The Wonder Hole:
A place quite unlike any other, the Chinhoyi Caves are a must for visitors both local and international. They radiate an aura that commands respect, while provoking excitement in the minds of all who go near them. With a silence that is both eerie and profound, the caves are a geographical spectacle and one of Zimbabwe’s best kept sites. The 150-foot walls of the Wonder Hole drop vertically down to the Sleeping Pool, which if filled with water of an unbelievable cobalt blue colour and are crystal clear. Incredibly, the water of the Pool defies meteorological logic, staying at a constant temperature of 22-24 degrees Celsius every day. Legend has it that a visitor cannot successfully throw a stone across the pool, as the sacred spirits who watch over the pool will catch it and bestow a curse upon the person who threw it. There are several underwater passages that lead from the Sleeping Pool, but so far all of the passages that have been explored have led back to the main Pool.
The Dark Cave:
A real labyrinth, the steps are steep and the passages narrow. Near the end of the Dark Cave are three submerged tunnels. One of them leads to a small cave known as a "blind cave". The second one joins the Sleeping Pool 58 metres below the surface. The third has not yet been explored. It seems likely that other caves remain to be discovered.
The Sleeping Pool:
This landscape’s most exciting spectacle. The Sleeping Pool’s open roof is actually a sinkhole. It used to be a huge cave whose roof collapsed into the pool 46metres below the ground. The “Pool of the Fallen’-Sleeping Pool is contained within the largest cave in the system. The pool has a distinct and breath taking cobalt blue appearance and has temperatures of between 22-24°C all year round and is non-flowing and there are strong research suggestions that this water is connected to a bigger body of water elsewhere. This belief was further strengthened by the appearance of Tilapia fish “which we didn’t place there as Zimparks, Mr Mwera a Zimparks official said. There is no record of anyone being authorised to introduce fish in the pool. The fish have however been a welcome solution to a problem weed that was choking the pool. We used to have a challenge of weeds and since we started seeing the fish the problem weeds have disappeared.” The pools high visibility of approximately 50meters deep, makes the pool an exciting destination for divers throughout the year. The actual depth of the pool is unknown. Highly qualified and certified divers from all over the world have attempted to reach the bottom of the Sleeping pool, but have run out of oxygen before reaching the bottom. The furthest diver reached approximately 135meters. One interesting story told by a Zimparks official stated that the depth of the water in the pool is estimated by Zimbabwe Sub-Aqua Speleological Research Group to be between 80 and 91metres (debatable). The pool has a passageway that goes deeper though.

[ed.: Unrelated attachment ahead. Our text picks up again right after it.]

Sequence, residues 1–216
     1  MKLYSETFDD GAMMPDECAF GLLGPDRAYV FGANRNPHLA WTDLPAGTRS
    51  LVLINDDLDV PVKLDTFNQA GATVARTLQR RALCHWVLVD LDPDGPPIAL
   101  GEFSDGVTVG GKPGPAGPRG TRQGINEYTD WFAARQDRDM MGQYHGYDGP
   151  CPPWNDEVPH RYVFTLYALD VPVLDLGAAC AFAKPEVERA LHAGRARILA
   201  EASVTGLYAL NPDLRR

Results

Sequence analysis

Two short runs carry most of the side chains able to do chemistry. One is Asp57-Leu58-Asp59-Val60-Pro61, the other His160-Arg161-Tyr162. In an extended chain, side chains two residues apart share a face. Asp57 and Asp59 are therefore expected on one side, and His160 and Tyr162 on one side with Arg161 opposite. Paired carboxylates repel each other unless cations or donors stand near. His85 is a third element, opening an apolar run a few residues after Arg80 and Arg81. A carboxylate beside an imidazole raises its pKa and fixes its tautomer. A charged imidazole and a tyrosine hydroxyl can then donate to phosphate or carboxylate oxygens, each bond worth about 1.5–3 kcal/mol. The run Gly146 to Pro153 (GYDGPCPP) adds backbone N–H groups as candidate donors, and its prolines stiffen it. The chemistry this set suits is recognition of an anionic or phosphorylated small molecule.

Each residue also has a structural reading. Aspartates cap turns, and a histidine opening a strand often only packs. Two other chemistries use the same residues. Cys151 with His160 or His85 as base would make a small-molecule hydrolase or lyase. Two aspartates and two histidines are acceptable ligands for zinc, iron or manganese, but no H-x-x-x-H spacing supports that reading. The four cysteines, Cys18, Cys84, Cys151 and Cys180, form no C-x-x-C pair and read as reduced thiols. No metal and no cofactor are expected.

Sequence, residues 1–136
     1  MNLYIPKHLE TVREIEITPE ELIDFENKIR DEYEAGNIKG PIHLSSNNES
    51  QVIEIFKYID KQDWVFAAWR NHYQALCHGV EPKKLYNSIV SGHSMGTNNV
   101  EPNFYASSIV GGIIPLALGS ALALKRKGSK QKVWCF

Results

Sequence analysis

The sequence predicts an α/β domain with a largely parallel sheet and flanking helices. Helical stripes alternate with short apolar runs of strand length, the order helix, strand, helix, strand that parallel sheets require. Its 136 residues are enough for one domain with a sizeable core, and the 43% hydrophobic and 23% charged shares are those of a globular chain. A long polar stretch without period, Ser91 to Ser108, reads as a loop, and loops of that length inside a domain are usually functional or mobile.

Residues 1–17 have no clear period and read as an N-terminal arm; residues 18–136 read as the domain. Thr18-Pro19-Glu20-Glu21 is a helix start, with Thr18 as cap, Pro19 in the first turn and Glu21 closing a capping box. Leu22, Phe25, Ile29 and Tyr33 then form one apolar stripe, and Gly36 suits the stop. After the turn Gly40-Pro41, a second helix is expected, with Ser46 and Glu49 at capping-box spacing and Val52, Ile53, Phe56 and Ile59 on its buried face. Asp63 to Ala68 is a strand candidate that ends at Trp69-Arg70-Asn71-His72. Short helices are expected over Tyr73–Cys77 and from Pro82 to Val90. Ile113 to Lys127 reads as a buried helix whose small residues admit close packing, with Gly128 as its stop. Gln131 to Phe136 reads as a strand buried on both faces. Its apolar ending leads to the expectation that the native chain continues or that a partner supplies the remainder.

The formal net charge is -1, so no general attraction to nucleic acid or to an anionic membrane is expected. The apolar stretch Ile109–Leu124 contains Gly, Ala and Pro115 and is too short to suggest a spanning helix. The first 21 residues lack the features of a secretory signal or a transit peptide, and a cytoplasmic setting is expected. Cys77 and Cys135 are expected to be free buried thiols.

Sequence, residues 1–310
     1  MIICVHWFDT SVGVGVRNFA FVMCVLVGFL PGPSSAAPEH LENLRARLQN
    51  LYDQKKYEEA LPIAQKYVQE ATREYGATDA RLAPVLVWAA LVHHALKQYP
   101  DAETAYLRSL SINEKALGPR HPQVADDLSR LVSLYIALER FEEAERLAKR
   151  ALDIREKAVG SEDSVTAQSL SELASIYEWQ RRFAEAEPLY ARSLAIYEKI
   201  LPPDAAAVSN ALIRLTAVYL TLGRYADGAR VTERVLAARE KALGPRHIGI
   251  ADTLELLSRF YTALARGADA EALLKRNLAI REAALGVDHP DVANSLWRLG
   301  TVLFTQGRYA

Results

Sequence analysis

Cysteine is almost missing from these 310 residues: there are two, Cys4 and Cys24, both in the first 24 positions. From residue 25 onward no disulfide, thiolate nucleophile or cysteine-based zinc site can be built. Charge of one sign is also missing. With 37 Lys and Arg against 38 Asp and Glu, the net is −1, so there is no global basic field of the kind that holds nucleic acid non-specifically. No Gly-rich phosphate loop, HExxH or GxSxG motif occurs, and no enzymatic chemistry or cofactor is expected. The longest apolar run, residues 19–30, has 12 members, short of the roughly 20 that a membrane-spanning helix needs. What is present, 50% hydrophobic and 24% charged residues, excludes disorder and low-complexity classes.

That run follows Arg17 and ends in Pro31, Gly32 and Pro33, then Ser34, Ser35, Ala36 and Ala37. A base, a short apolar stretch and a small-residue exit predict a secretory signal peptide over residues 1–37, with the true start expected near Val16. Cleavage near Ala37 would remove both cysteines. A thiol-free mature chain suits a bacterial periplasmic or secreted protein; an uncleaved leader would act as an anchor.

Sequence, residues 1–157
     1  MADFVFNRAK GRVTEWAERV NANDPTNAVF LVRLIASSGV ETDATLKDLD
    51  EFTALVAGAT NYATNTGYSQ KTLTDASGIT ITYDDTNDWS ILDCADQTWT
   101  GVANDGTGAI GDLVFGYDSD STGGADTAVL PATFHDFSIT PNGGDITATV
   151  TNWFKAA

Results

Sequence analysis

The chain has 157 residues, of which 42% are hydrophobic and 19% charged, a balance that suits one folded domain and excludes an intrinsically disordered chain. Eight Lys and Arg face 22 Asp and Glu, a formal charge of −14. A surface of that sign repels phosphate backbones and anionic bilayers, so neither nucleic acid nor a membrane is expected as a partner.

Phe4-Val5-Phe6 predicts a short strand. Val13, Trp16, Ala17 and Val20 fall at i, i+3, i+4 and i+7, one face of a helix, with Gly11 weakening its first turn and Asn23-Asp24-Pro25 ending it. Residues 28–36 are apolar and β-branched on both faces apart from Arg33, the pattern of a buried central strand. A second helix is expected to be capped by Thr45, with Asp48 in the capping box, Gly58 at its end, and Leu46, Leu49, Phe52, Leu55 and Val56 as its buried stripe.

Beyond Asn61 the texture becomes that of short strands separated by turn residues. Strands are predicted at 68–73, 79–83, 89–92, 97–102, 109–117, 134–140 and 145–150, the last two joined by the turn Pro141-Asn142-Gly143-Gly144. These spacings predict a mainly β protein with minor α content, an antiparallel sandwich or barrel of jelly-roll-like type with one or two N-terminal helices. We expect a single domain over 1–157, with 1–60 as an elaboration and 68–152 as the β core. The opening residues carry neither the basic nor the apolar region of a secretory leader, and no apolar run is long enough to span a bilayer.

A diver who came in 2004 managed to go as far deep as 160metres but did not manage to return alive. His body was found four days later at 75metres. Mr Mwera said this challenged a more experienced diver who came in 2011 with a diving-bike. “He said he began to experience a huge force that was pulling him back up at between 170 and 180metres deep. He could not bear the pressure at 191metres and decided to test the force by releasing the bike but that is where they were separated with the bike being sucked in a flush and him being pushed back up. “It was as if there was a force that didn’t want him to go beyond that point,” Mwera said.
The Park is filled with indigenous trees such as Mukwa, Violet trees, Pink Jacaranda, Msasa and Cape fig. Some fascinating birds can be spotted in the area, including Redwing Starling, large striped Pipit, woodpecker species, Paradise flycatcher to name a few. The park contains a campsite, picnic site and a restaurant open for use. Other activities include Scuba diving that can be enjoyed by divers of all qualifications accompanied by Zimbabwean registered dive club members.